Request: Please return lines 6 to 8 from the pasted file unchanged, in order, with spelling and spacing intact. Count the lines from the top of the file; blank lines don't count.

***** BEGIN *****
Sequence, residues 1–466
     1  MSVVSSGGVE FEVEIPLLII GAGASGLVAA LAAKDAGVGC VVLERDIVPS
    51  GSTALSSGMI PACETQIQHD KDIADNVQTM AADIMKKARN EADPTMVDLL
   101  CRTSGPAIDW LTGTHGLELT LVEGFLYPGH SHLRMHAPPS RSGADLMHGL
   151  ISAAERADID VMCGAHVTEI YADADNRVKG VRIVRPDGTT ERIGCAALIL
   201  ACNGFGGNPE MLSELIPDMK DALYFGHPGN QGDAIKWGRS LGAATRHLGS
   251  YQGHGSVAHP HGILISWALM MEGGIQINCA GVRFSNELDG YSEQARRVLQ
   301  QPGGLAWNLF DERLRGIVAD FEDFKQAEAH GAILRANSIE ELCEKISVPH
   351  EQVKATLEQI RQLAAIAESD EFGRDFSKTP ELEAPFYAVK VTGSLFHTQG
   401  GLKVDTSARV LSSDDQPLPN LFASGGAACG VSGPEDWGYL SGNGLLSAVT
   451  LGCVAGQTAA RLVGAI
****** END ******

   201  ACNGFGGNPE MLSELIPDMK DALYFGHPGN QGDAIKWGRS LGAATRHLGS
   251  YQGHGSVAHP HGILISWALM MEGGIQINCA GVRFSNELDG YSEQARRVLQ
   301  QPGGLAWNLF DERLRGIVAD FEDFKQAEAH GAILRANSIE ELCEKISVPH